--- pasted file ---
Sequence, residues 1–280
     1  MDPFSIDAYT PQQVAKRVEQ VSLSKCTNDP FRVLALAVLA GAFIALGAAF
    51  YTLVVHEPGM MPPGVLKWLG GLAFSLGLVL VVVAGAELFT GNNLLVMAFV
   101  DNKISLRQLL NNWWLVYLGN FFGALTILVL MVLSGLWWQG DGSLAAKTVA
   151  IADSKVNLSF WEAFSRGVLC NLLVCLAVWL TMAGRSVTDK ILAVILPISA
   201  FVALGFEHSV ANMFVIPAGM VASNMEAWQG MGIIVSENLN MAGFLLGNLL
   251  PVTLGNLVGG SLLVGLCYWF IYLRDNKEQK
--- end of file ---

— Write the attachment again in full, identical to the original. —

Sequence, residues 1–280
     1  MDPFSIDAYT PQQVAKRVEQ VSLSKCTNDP FRVLALAVLA GAFIALGAAF
    51  YTLVVHEPGM MPPGVLKWLG GLAFSLGLVL VVVAGAELFT GNNLLVMAFV
   101  DNKISLRQLL NNWWLVYLGN FFGALTILVL MVLSGLWWQG DGSLAAKTVA
   151  IADSKVNLSF WEAFSRGVLC NLLVCLAVWL TMAGRSVTDK ILAVILPISA
   201  FVALGFEHSV ANMFVIPAGM VASNMEAWQG MGIIVSENLN MAGFLLGNLL
   251  PVTLGNLVGG SLLVGLCYWF IYLRDNKEQK